The reason I even have to mention this benefit due to skin color is because of the impact that Ronald Reagan’s presidency had on the status of race relations in the United States. Ronald Reagan cut funding to almost all civil rights programs, leaving many organizations to fend for themselves. The racial gap that developed during this time can be seen through the development of two distinct styles of music, one for affluent members of society and one for lower class, which at the time had VAST differences in terms of ethnic make ups for both groups. Thus it was fitting that Stevie Ray Vaughan helped bring the blues back to the mainstream, because he brought along with him a host of African American artists that had previously had little exposure among the white community. However as Stevie began to play shows and gain more and more notoriety and draw attention to the genre, fellow artists such as Robert Cray, Buddy Guy, and Art Neville (who actually wrote a song about Stevie’s death that his brother Jimmie performs at the end of the tribute).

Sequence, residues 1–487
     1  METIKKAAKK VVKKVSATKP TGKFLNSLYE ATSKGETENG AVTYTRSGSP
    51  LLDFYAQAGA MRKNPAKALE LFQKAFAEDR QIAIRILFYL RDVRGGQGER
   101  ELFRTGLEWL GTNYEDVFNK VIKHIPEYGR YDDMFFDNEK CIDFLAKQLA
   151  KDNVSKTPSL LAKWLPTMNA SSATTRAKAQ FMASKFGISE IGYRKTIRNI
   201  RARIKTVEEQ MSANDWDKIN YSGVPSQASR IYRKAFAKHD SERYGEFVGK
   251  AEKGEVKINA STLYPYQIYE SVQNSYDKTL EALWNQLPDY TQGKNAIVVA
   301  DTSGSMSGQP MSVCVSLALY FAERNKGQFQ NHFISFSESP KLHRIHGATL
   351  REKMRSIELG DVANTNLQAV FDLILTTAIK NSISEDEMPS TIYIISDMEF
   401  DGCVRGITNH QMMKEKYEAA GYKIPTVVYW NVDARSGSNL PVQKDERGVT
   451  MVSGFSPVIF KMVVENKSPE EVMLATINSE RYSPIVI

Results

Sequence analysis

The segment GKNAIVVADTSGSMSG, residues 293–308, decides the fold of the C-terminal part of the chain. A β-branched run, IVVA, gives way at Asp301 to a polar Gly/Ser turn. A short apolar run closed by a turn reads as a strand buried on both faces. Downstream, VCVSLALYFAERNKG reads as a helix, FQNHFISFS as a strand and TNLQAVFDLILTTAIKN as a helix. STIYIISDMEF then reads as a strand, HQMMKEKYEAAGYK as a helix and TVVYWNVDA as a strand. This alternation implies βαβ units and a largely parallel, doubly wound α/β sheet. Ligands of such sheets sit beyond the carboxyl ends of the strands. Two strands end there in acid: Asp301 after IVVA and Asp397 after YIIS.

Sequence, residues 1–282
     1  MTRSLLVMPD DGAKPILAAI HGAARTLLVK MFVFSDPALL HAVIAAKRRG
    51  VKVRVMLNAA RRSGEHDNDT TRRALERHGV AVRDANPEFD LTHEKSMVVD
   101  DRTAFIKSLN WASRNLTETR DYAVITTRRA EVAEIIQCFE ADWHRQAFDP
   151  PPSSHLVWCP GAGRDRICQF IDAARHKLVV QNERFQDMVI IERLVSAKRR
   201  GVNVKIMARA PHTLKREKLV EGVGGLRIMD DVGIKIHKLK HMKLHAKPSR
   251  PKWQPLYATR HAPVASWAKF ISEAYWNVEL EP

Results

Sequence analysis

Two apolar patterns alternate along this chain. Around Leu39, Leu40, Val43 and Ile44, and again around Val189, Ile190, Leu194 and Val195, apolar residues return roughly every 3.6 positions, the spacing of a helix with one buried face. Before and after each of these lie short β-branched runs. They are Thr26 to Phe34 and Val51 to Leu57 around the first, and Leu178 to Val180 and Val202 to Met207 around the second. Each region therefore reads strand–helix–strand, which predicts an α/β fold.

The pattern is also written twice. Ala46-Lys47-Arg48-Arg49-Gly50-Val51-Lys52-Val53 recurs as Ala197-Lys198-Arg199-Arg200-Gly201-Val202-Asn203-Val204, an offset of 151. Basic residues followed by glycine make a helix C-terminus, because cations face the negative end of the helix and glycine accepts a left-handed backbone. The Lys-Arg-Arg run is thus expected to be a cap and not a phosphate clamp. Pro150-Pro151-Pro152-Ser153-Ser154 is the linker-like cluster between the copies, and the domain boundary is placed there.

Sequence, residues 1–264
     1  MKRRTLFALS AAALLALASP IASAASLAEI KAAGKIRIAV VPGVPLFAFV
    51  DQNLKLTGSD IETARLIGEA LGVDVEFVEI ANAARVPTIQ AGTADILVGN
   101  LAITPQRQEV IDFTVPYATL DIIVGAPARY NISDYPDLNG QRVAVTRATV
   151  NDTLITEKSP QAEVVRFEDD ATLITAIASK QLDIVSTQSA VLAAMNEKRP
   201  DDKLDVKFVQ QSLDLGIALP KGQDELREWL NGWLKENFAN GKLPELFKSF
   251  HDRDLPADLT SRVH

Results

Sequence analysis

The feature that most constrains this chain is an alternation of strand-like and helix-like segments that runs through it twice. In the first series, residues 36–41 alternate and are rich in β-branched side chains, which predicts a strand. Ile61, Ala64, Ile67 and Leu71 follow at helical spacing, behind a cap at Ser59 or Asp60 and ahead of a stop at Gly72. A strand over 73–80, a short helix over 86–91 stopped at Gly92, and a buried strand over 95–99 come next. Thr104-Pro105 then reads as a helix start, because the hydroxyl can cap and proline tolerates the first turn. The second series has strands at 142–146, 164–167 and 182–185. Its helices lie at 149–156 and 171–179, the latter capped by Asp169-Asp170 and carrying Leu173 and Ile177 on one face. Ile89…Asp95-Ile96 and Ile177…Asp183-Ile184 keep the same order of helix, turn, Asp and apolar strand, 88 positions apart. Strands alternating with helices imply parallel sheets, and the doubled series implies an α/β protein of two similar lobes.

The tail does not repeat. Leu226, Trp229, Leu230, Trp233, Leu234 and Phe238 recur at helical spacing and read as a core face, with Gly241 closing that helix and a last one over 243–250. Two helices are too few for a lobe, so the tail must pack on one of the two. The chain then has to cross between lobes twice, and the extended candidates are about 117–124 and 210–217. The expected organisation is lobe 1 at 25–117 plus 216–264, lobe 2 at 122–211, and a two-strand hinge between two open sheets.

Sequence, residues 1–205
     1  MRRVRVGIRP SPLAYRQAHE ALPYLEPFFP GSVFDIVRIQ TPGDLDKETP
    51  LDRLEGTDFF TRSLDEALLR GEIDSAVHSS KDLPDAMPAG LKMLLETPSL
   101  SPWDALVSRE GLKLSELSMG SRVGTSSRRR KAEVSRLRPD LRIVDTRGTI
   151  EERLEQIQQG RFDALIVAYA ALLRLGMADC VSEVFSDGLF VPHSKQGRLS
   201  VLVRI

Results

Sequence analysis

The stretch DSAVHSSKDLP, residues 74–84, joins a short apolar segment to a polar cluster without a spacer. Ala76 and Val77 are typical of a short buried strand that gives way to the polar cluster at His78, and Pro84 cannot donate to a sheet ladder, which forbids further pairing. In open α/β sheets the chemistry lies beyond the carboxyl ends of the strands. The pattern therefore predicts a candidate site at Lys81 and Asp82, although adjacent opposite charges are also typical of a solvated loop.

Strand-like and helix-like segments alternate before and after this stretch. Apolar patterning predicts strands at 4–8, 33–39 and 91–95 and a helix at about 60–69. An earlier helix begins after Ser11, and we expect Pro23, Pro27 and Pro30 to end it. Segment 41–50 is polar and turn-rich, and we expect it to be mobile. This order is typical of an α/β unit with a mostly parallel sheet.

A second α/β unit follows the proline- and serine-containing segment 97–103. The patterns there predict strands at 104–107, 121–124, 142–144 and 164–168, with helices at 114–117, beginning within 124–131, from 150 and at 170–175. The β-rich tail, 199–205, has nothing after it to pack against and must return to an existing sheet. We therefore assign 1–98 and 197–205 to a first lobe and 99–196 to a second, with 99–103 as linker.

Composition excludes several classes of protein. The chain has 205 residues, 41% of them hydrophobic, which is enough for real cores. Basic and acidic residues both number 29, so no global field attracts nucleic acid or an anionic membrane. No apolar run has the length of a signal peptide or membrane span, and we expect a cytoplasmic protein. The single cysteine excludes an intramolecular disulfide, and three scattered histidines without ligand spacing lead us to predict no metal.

The way that Stevie Ray Vaughan revitalized the blues genre in the 80’s is something that has always struck a personal chord in me. While it is plain to see that he is one of the most talented and inspired artists of his time, he was also a very driven entertainer, and was extremely into showmanship, something that is sometimes lacking with popular musicians today (DJ’s getting paid large sums of money to press play on a song then fade over at a predetermined time). Stevie could be seen playing guitars forwards and backwards, with no gap or drop off of performance in between. At the same time he dominated the spotlight, he also chose to share it with his co-performers throughout the show, letting each member of his band get time to shine. He was focused on the experience that the viewer had at each show, something that I feel is not always present in modern day music, with many artists simply going out each night on tour and playing the same show they played at the tour stop before. True musicians make it an effort to get the audience involved with the show, and he could turn a stage like Carnegie hall into a “stomping, hollering roadhouse”. He was a class act through and through, who would be devastated by even a few boos from the crowd, which is exactly what he got after his live at Monteux performance, which to any contemporary viewer was an absolute musical rampage that some members of the crowd just weren’t ready for yet. As I watched the tribute and listened to all of the legendary names talk about their impact experiences with Stevie, I could tell that they all had genuine love and respect for the man, proving to the viewer that through all the publicity and attention, he remained a down to earth, straightforward man. That part of his personality really drew me to him when I had to decide what to write about, because I feel that is the most important part of a musician. They have to love not only the music they make, but the people that making that music puts them in touch with, young and old, musician or non-musician, the connection between the artist and their audience plays a vital role in how they impact the world, and Stevie Ray Vaughan was definitely in the music scene to bring people joy and entertainment and not for himself. That, makes a true artist, and makes his passing a true tragedy in the history of music. One of my favorite quotes from Stevie Ray really sums up the idea that I’ve been trying to get across about him as a musician, and his ability to see people as just people, and how he tried to bridge the gap in between the worlds he had to live in, “But between sets I’d sneak over to the black places to hear blues musicians. It got to the point where I was making my living at white clubs and having my fun at the other places.”